The seasons have begun to change. As Anishinaabemowin speakers know, we are right in the middle of Waabaagbagaa-giizis (Leaves Turning Moon). This moon or month began on September 16, if you are using the Gregorian calendar. At MSU, much begins to happen during Waabaagbagaa-giizis. Classes are fully underway and, after a slow start to the semester, campus life begins to take shape during late-September and early-October.
We also begin to feel the weather change around us during Waabaagbagaa-giizis. Warm summer winds begin to shift, as the days are shorter and the weather is cooler. The leaves turn various hues, making the banks of the Red Cedar a beautiful and multicolored environment. For MSU sports fans, Saturday football games become important gathering spaces in and around Spartan Stadium. Soon enough, the leaves will begin to fall from the trees, marking another important transition and begin another giizis.
With the next full moon, it will be Binaakwe-giizis (Falling Leaves Moon) and then, after that, it will be Baashkaakodin-Giizis(Freezing Moon). Autumn will turn to winter and winter will turn to spring. As has happened since time immemorial, the seasons will transform the natural world. Even if climate change makes the Indigenous practice of marking time more and more complicated and difficult, the seasons will remain paramount to Indigenous knowledge of the world and one’s place within it will remain.
Our current month, Waabaagbagaa-giizis (Leaves Turning Moon), becomes an important time to think about the proverbial leaves of change, especially in relationship to Indigenous issues here on Turtle Island. The American Indian and Indigenous Studies community at MSU engages in important work, both on and off campus, as we remain attentive to happenings throughout Indian Country and across the Fourth World.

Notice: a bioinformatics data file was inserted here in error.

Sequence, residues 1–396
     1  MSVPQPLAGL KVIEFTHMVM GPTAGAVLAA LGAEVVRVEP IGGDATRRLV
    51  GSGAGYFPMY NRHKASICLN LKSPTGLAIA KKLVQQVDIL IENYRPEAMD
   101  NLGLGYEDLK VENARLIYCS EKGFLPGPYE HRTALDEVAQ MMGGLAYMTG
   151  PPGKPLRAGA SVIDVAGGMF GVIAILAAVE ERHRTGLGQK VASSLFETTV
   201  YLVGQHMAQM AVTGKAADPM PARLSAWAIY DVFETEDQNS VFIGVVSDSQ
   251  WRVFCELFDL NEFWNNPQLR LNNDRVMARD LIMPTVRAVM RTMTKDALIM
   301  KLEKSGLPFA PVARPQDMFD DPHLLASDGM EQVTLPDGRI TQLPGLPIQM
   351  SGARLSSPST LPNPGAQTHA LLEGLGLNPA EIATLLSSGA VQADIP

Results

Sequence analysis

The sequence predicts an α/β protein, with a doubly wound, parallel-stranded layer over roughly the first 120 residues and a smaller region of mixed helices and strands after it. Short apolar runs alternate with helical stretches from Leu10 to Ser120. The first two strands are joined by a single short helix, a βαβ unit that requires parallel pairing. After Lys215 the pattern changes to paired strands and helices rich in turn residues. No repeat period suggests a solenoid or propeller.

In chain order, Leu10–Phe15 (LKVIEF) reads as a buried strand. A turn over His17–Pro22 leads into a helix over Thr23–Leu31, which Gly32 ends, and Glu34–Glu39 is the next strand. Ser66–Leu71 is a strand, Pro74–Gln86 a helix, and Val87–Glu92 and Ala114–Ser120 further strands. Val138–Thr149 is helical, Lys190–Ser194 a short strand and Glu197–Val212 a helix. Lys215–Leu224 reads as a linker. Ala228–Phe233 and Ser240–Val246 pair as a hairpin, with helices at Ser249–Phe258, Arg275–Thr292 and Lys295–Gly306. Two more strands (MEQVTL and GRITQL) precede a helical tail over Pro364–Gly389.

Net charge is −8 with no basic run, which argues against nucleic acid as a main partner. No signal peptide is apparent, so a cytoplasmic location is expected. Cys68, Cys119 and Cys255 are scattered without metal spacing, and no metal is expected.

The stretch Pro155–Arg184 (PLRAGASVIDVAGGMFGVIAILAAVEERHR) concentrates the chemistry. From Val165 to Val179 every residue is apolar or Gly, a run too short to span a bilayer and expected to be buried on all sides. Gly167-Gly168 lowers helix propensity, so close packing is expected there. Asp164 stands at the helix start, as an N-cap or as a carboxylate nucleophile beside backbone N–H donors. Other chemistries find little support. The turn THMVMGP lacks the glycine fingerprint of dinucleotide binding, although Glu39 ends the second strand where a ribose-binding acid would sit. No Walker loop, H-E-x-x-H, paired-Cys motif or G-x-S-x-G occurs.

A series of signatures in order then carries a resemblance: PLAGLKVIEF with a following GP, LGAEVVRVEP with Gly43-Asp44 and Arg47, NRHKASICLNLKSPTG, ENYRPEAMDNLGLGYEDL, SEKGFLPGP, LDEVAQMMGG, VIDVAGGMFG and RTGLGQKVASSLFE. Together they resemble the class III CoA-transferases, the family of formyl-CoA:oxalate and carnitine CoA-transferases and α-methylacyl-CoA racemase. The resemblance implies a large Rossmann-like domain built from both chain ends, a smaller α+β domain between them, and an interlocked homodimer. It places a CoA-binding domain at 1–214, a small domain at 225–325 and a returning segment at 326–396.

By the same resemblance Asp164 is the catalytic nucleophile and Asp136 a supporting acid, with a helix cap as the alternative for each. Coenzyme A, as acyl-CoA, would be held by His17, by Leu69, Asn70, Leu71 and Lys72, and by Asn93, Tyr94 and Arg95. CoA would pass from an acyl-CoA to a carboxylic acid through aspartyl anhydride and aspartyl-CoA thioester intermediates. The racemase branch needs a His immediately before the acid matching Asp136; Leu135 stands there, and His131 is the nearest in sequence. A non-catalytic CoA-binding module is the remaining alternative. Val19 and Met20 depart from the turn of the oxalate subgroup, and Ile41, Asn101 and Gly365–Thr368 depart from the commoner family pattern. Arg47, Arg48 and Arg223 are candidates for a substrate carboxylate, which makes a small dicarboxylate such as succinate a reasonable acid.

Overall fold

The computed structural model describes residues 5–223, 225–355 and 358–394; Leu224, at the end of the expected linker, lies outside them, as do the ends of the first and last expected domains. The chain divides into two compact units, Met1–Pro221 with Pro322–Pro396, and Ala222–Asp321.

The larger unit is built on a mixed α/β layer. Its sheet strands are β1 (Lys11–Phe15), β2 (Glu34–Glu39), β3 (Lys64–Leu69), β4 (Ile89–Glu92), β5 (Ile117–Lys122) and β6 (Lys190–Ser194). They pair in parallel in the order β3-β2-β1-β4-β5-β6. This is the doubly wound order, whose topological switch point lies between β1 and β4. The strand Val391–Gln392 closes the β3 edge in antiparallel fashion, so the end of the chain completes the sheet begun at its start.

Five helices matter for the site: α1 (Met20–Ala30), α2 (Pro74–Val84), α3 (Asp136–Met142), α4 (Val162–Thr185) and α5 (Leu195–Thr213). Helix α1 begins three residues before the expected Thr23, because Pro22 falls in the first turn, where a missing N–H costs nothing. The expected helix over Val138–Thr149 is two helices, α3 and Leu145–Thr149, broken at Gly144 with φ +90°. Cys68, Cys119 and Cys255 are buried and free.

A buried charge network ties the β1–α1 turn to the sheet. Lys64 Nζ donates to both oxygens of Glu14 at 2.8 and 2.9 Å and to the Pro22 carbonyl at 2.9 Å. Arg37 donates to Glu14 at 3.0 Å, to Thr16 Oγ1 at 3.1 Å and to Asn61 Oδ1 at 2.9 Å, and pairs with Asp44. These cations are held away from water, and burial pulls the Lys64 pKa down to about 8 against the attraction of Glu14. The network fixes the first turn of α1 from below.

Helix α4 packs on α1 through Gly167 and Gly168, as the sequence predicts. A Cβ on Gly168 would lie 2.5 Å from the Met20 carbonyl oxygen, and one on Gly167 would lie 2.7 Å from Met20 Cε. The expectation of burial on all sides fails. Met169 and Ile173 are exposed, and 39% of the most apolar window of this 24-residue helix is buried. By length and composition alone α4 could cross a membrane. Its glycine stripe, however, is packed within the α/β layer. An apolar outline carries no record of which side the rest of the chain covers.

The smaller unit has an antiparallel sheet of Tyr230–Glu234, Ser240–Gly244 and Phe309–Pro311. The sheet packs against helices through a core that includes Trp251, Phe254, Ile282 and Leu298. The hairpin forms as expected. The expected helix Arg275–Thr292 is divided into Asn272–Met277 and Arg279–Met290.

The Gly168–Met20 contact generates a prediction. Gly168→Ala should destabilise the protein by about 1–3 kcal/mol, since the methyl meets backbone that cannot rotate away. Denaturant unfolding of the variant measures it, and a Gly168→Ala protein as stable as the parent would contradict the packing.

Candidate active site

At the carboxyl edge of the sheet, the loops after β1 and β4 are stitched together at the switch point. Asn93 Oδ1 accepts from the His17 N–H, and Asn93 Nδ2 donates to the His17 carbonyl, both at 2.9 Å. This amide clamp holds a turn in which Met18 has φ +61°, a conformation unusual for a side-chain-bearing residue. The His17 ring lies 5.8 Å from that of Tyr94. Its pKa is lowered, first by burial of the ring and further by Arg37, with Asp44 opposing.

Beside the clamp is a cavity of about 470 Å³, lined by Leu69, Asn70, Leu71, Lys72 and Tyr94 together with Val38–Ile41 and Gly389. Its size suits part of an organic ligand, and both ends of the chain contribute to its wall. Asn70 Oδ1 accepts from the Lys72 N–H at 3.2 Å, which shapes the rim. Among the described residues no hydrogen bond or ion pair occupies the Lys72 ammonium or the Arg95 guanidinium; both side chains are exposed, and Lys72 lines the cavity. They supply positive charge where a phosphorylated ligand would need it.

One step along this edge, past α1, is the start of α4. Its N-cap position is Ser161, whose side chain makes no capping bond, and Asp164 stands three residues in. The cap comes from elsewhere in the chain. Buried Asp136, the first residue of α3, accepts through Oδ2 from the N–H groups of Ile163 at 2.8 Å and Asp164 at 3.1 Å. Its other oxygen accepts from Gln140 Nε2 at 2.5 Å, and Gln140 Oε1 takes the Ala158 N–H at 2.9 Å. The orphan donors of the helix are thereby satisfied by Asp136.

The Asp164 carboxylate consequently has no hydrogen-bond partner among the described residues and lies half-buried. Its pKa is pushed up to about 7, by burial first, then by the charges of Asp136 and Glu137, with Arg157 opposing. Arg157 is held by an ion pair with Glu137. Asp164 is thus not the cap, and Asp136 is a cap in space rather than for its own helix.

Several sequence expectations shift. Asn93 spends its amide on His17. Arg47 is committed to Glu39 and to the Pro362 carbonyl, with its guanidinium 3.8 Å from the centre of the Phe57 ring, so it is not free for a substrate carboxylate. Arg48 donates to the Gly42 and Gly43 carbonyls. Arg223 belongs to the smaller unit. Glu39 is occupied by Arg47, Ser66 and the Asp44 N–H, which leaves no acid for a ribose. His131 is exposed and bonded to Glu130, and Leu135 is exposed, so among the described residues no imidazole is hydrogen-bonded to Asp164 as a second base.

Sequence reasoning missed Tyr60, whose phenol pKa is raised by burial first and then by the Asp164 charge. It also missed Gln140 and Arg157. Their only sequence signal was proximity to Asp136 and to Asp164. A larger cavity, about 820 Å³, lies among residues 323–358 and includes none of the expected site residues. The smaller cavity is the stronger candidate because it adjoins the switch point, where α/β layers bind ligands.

As they begin to change, aniibiishan (leaves) reveal their brilliant and beautiful potential. The leaves have been waiting all summer to disclose what they haven’t previously shown: their profound, striking, and colorful potentiality. As scholars, artists, and teachers, we see within our students and within ourselves and communities the same profound possibility to show our individual brilliance. However, the beauty and potentiality of a single leaf can only be fully revealed when in concert with a community of other leaves. Similarly, our own human potential is collective in orientation. Indigenous knowledge illuminates the importance of community relationships and ties shared not just with other humans, but with all things around us.
Individuality means little without the whole. Shawnee leader Tecumseh is credited with saying that “a single stick is weak, but a bundle of twigs is strong.” While the provenance of this quote attributed to Tecumseh can likely be contested, the metaphor here is significant. If a single twig is weak, the collectively of sticks increases its strength. Likewise, the shared beauty and power of leaves – or members of a community – are more significant and meaningful than any one single individual. Reaching one’s potential is a collective and shared endeavor.